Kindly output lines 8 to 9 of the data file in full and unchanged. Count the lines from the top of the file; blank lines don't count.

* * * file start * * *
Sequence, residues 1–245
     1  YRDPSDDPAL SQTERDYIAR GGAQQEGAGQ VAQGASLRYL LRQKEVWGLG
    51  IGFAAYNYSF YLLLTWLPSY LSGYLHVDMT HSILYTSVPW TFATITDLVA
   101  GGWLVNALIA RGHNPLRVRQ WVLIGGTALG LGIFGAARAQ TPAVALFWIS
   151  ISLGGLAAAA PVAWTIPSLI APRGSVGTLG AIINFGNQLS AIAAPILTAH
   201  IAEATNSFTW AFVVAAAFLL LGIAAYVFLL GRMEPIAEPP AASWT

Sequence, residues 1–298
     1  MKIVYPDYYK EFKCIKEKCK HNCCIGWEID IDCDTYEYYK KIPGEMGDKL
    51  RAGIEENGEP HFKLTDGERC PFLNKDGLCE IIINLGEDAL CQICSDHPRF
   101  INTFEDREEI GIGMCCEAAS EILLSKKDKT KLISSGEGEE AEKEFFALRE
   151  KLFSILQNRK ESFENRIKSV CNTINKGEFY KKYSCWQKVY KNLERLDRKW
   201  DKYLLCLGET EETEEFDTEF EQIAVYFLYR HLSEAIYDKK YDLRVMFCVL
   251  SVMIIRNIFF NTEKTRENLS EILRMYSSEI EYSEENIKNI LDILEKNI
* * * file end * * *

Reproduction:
     1  MKIVYPDYYK EFKCIKEKCK HNCCIGWEID IDCDTYEYYK KIPGEMGDKL
    51  RAGIEENGEP HFKLTDGERC PFLNKDGLCE IIINLGEDAL CQICSDHPRF